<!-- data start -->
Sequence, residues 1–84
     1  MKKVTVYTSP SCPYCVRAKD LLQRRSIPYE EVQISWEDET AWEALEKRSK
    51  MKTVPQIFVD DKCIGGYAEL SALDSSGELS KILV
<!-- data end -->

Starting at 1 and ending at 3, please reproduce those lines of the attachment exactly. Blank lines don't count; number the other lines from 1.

Sequence, residues 1–84
     1  MKKVTVYTSP SCPYCVRAKD LLQRRSIPYE EVQISWEDET AWEALEKRSK
    51  MKTVPQIFVD DKCIGGYAEL SALDSSGELS KILV